Article  CAS  PubMed  PubMed Central  Google Scholar 

  39. Breton MD, Kanapka LG, Beck RW, Ekhlaspour L, Forlenza GP, Cengiz E, Schoelwer M, et al. A randomized trial of closed-loop control in children with type 1 diabetes. N Engl J Med. 2020;383(9):836–45.

    Article  CAS  PubMed  PubMed Central  Google Scholar 

  40. Benhamou PY, Franc S, Reznik Y, Thivolet C, Schaepelynck P, Renard E, Guerci B, Chaillous L, Lukas-Croisier C, Jeandidier N, Hanaire H. Closed-loop insulin delivery in adults with type 1 diabetes in real-life conditions: a 12-week multicentre, open-label randomised controlled crossover trial. Lancet Digit Health. 2019;1(1):e17-25.

    Article  PubMed  Google Scholar 

  41. Kovatchev B, Anderson SM, Raghinaru D, Kudva YC, Laffel LM, Levy C, et al. Randomized controlled trial of mobile closed-loop control. Diabetes Care. 2020;43(3):607–15.

    Article  PubMed  PubMed Central  Google Scholar 

  42. Garg SK, Grunberger G, Weinstock R, Lawson ML, Hirsch IB, DiMeglio LA, et al. Improved glycaemia with hybrid closed-loop versus continuous subcutaneous insulin infusion therapy: results from a randomized controlled trial. Diabetes Technol Ther. 2023;25(1):1–2.

    Article  CAS  PubMed  Google Scholar 

  43. McAuley SA, Lee MH, Paldus B, Vogrin S, De Bock MI, Abraham MB, et al. Six months of hybrid closed-loop versus manual insulin delivery with fingerprick blood glucose monitoring in adults with type 1 diabetes: a randomized, controlled trial. Diabetes Care. 2020;43(12):3024–33.

    Article  CAS  PubMed  Google Scholar 

  44. McAuley SA, Trawley S, Vogrin S, Ward GM, Fourlanos S, Grills CA, et al. Closed-loop insulin delivery versus sensor-augmented pump therapy in older adults with type 1 diabetes (ORACL): a randomized, crossover trial. Diabetes Care. 2022;45(2):381–90.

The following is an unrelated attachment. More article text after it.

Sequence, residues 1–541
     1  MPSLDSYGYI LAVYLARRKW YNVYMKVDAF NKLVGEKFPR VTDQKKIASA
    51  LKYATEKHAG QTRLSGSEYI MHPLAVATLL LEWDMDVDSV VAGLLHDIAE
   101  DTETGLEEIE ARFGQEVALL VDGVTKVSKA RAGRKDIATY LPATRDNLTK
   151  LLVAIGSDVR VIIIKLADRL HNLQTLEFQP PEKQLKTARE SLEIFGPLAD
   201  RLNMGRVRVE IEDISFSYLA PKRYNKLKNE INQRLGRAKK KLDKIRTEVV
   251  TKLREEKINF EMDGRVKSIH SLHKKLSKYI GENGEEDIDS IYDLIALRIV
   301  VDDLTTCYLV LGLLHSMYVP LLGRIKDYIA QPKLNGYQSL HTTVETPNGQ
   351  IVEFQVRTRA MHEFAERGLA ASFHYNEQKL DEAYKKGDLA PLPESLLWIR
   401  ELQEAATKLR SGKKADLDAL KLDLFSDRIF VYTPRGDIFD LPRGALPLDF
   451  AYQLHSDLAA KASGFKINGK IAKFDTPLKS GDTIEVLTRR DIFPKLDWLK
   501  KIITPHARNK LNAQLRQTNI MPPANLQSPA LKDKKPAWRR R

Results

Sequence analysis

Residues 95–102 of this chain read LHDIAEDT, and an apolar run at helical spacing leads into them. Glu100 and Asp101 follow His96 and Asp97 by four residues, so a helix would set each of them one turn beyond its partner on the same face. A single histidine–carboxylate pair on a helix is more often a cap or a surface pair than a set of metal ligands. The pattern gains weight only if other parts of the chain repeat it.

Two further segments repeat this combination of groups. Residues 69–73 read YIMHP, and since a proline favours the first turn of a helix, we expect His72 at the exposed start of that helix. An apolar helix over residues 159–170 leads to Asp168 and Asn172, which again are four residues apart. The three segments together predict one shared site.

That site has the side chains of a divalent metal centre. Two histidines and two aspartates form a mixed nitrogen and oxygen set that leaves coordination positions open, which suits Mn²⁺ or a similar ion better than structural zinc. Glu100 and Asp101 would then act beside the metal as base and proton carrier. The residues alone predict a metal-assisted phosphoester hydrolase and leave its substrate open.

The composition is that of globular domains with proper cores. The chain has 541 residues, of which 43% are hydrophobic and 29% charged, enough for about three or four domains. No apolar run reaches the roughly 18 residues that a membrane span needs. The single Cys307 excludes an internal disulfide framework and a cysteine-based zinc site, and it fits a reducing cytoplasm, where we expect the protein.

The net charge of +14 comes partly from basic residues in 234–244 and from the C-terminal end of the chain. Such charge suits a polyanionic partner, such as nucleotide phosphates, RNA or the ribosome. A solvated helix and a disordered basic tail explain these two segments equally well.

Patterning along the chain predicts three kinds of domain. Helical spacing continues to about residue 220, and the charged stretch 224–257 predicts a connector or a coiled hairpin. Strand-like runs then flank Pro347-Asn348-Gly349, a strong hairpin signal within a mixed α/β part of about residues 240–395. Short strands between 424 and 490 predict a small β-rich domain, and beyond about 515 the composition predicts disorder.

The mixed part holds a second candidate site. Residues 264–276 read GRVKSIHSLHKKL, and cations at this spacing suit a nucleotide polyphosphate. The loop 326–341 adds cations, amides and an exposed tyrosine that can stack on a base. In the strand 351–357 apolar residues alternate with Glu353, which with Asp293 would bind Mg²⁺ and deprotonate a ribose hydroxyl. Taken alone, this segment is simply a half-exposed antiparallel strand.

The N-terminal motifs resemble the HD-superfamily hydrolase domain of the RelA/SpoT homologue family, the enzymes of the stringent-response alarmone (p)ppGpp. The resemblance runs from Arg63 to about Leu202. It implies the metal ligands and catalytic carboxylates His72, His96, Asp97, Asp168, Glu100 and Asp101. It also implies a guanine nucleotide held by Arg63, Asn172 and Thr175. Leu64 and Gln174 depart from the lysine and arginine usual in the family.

Article  CAS  PubMed  Google Scholar 

  45. Wadwa RP, Reed ZW, Buckingham BA, DeBoer MD, Ekhlaspour L, Forlenza GP, et al. Trial of hybrid closed-loop control in young children with type 1 diabetes. N Engl J Med. 2023;388(11):991–1001.

    Article  PubMed  PubMed Central  Google Scholar 

  46. Reiss AL, Jo B, Arbelaez AM, Tsalikian E, Buckingham B, Weinzimer SA, et al. A Pilot randomized trial to examine effects of a hybrid closed-loop insulin delivery system on neurodevelopmental and cognitive outcomes in adolescents with type 1 diabetes. Nat Commun. 2022;13(1):4940.

    Article  CAS  PubMed  PubMed Central  Google Scholar 

  47. Ware J, Allen JM, Boughton CK, Wilinska ME, Hartnell S, Thankamony A, et al. Randomized trial of closed-loop control in very young children with type 1 diabetes. N Engl J Med. 2022;386(3):209–19.

    Article  CAS  PubMed  Google Scholar 

  48. Hood KK, Garcia-Willingham N, Hanes S, Tanenbaum ML, Ware J, et al. Lived experience of CamAPS FX closed loop system in youth with type 1 diabetes and their parents. Diabetes Obes Metab. 2022;24(12):2309–18.

    Article  CAS  PubMed  PubMed Central  Google Scholar 

  49. Kudva YC, Laffel LM, Brown SA, Raghinaru D, Pinsker JE, Ekhlaspour L, et al. Patient-reported outcomes in a randomized trial of closed-loop control: the pivotal international diabetes closed-loop trial. Diabetes Technol Ther. 2021;23(10):673–83.

    Article  PubMed  PubMed Central  Google Scholar 

  50. Cobry EC, Kanapka LG, Cengiz E, Carria L, Ekhlaspour L, Buckingham BA, et al. Health-related quality of life and treatment satisfaction in parents and children with type 1 diabetes using closed-loop control. Diabetes Technol Ther. 2021;23(6):401–9.

    Article  PubMed  PubMed Central  Google Scholar 

  51. De Ridder F, den Brinker M, De Block C. The road from intermittently scanned continuous glucose monitoring to hybrid closed-loop systems Part B: results from randomized controlled trials. Ther Adv Endocrinol Metab. 2019;10:2042018819871903.

    Article  PubMed  PubMed Central  Google Scholar